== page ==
Atypical SIFD with novel TRNT1 mutations: a case study on the pathogenesis of B-cell deficiency

  • Eri Kumaki
  • Keisuke Tanaka
  • Kohsuke Imai
  • Yuki Aoki-Nogami
  • Akira Ishiguro
  • Satoshi Okada
  • Hirokazu Kanegane
  • Fumihiko Ishikawa
  • Tomohiro MorioEmail author
Original Article


Mutation in the gene encoding tRNA nucleotidyl transferase, CCA-adding 1 (TRNT1), an enzyme essential for the synthesis of the 3′-terminal CCA sequence in tRNA molecules, results in a disorder that features sideroblastic anemia, B-cell immunodeficiency, periodic fever, and developmental delay. Mutations in TRNT1 are also linked to phenotypes including retinitis pigmentosa, cataracts, and cardiomyopathy. To date, it has remained unclear how defective TRNT1 is linked to B-cell deficiency. Here we report the case of a 12-year-old boy without sideroblastic anemia who harbors novel compound heterozygous mutations in TRNT1. Immunophenotypic analysis revealed severely decreased levels of B cells and follicular helper T cells. In the bone marrow, B-cell maturation stopped at the CD19+CD10+CD20+/− pre-B-cell stage. Severe combined immunodeficiency mice transplanted with bone marrow hematopoietic stem cells from the patient showed largely normal B-cell engraftment and differentiation in the bone marrow and periphery at 24 weeks post-transplantation, comparable to those in mouse transplanted with healthy hematopoietic stem cells. Biochemical analysis revealed augmented endoplasmic reticulum (ER) stress response in activated T cells. Peripheral B-cell deficiency of TRNT1 deficiency may be associated with augmented ER stress in immature B cells in the bone marrow.


B-cell deficiency TRNT1 SIFD Endoplasmic reticulum stress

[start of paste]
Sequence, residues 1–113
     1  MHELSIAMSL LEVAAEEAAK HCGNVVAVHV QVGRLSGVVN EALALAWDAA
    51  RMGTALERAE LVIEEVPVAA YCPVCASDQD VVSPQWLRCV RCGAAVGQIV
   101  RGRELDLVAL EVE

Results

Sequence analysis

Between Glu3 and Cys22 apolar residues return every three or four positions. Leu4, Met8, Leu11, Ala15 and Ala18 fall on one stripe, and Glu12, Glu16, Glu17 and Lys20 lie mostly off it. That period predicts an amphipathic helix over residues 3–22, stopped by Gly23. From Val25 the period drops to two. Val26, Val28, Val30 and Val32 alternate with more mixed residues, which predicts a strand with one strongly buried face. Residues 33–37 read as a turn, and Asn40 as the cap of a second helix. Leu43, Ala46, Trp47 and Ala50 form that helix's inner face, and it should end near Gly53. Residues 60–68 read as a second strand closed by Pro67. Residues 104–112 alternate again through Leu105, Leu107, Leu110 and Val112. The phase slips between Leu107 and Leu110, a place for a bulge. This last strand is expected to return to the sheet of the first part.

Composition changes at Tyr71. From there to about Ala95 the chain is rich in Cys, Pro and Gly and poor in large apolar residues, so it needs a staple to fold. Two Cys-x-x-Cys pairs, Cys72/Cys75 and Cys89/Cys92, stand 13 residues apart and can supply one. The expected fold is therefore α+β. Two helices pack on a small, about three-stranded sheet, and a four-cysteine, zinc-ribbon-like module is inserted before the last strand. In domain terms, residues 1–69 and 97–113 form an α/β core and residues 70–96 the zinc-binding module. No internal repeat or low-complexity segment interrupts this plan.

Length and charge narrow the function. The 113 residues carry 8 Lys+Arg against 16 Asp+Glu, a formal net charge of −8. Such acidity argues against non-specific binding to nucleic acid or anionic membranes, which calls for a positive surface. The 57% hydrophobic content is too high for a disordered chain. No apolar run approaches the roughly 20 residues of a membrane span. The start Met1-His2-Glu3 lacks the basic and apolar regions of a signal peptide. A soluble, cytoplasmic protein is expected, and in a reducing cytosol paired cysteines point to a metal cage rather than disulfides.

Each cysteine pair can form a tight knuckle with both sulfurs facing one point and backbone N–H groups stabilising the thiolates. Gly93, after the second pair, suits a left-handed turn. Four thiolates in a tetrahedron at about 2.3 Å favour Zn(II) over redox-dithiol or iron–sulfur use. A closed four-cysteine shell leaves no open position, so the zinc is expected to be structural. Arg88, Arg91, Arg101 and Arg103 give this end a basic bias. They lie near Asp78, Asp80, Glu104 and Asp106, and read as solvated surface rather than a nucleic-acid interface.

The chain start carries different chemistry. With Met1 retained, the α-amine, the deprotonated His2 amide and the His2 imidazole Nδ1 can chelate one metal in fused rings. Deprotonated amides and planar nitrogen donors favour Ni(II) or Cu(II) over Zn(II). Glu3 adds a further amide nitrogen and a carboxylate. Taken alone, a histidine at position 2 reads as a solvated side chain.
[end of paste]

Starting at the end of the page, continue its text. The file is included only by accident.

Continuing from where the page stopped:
The authors would like to thank Noriko Mitsuiki, Takehiro Takashima, Tzu-Wen Yeh, Tsubasa Okano, and Osamu Ohara for technical assistance. This work was in part supported by grants from Ministry of Health, Labor, and Welfare, JSPS KAKENHI Grant number 26293244 (T. M.)

Author contributions

EK performed the immunological experiments and wrote the manuscript. KT and SO performed the genetic analysis. KI provided critical discussion. YA-N and FI performed the mouse experiments. AI provided clinical information and the samples. HK revised the manuscript. TM designed the study and revised the manuscript.

Compliance with ethical standards

Conflict of interest

The authors declare that they have no conflict of interest.

Supplementary material

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Copyright information

© Japanese Society of Hematology 2019

Authors and Affiliations

  1. 1.Department of Pediatrics and Developmental Biology, Graduate School of Medical and Dental SciencesTokyo Medical and Dental University (TMDU)TokyoJapan
  2. 2.Department of Community Pediatrics, Perinatal and Maternal Medicine, Graduate School of Medical and Dental SciencesTokyo Medical and Dental University (TMDU)TokyoJapan
  3. 3.Laboratory for Human Disease ModelsRIKEN Center for Integrative Medical SciencesYokohamaJapan
  4. 4.Center for Postgraduate Education and TrainingNational Center for Child Health and DevelopmentTokyoJapan
  5. 5.Department of Pediatrics, Graduate School of Biomedical and Health SciencesHiroshima UniversityHiroshimaJapan
  6. 6.Department of Child Health and Development, Graduate School of Medical and Dental SciencesTokyo Medical and Dental University (TMDU)TokyoJapan

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